Monday, October 29, 2007

US: Bush met bloggers for press conference

Instead of speaking to traditional White House reporters, American President George Bush held a round-table interview with 10 bloggers who specialize in military issues. As bloggers increase their credentials, these press conferences will also give rise to ethical concerns.

Two of the 10 bloggers participated from Baghdad through a video link.

"More and more we are engaging in the new-media world, and these are influential people who have a big following," said Kevin F. Sullivan, the White House communications chief.

According to the Post, there wasn’t much news that resulted from the conference, but this first-of-its-kind experiment gave the White House the opportunity to try new communication channels.

“The hour-long meeting in the Roosevelt Room offered Bush another opportunity to break through what he sees as the filter of the traditional news media, while also reaching out to the providers of a new source of information,” reported the Post.

The blogs represented at the meeting were generally pro-Bush and pro-military (and were selected by the White House), and this was visible in the reports that ensued. So this press conference also raises questions as to the validity or credibility of media coverage, if such proceedings become the norm.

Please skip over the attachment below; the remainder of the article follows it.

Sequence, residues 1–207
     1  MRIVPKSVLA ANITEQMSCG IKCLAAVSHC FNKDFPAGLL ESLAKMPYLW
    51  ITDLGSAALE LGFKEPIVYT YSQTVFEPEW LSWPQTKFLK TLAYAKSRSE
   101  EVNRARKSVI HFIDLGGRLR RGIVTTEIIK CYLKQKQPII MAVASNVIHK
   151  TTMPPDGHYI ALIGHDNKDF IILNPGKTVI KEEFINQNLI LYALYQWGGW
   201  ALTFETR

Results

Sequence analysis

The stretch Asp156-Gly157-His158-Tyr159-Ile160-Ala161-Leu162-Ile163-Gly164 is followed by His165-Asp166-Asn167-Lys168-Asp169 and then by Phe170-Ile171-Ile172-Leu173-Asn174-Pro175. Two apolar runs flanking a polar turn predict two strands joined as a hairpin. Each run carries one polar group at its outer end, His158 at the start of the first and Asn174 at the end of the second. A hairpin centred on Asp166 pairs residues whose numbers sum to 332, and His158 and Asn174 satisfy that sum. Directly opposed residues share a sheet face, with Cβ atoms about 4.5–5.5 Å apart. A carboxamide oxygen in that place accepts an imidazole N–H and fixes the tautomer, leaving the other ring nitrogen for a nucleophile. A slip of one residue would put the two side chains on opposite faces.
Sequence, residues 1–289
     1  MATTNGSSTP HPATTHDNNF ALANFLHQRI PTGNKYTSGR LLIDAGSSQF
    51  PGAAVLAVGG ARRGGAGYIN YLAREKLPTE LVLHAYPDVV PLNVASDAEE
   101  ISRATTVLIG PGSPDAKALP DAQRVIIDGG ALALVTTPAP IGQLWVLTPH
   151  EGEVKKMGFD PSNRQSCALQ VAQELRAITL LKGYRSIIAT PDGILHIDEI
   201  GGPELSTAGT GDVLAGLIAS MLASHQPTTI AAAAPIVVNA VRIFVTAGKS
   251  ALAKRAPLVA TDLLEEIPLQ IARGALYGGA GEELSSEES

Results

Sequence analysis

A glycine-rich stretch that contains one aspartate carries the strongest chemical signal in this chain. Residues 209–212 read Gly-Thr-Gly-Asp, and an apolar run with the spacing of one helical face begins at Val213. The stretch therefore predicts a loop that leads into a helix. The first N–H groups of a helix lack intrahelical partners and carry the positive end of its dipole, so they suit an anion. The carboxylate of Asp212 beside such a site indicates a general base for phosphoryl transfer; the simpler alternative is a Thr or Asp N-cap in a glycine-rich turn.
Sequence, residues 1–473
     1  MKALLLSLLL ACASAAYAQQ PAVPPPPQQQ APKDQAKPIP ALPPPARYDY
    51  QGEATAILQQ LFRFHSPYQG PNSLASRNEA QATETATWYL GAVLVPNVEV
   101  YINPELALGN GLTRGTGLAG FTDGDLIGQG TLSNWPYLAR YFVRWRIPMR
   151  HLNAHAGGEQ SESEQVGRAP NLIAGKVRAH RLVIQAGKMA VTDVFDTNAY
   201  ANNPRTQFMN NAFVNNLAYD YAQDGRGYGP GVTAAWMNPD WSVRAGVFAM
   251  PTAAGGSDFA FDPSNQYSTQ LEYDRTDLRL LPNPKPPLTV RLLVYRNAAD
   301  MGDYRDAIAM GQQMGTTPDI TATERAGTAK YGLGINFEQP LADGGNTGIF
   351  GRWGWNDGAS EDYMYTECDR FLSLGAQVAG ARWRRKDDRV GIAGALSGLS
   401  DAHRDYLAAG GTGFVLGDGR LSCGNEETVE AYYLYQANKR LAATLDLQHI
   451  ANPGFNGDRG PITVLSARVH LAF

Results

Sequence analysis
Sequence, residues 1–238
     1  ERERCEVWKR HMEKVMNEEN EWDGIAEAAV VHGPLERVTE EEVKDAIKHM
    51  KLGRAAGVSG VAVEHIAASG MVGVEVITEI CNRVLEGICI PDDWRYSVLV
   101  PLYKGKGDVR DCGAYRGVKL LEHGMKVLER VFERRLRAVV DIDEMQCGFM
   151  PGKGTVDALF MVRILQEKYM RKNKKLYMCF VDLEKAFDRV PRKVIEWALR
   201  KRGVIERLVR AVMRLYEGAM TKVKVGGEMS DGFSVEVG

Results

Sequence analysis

Second effect of inviting bloggers: the reports were more emotionally-driven and portrayed Bush under a more humane light, which wouldn’t be apparent in a newspaper article.

Thirdly, blog readers may be more sensitive to blog articles written by an author they can identify with than with the seemingly objective voice of a journalist. So although blogs are generally less trusted than newspapers, a reader’s opinion might be more easily swayed by a blog account.

If the White House deems these effects are suitable for its public image, it wouldn’t be surprising to see more press conferences held with bloggers, rather than newspaper journalists.

Source: Washington Post through I Want Media

No comments: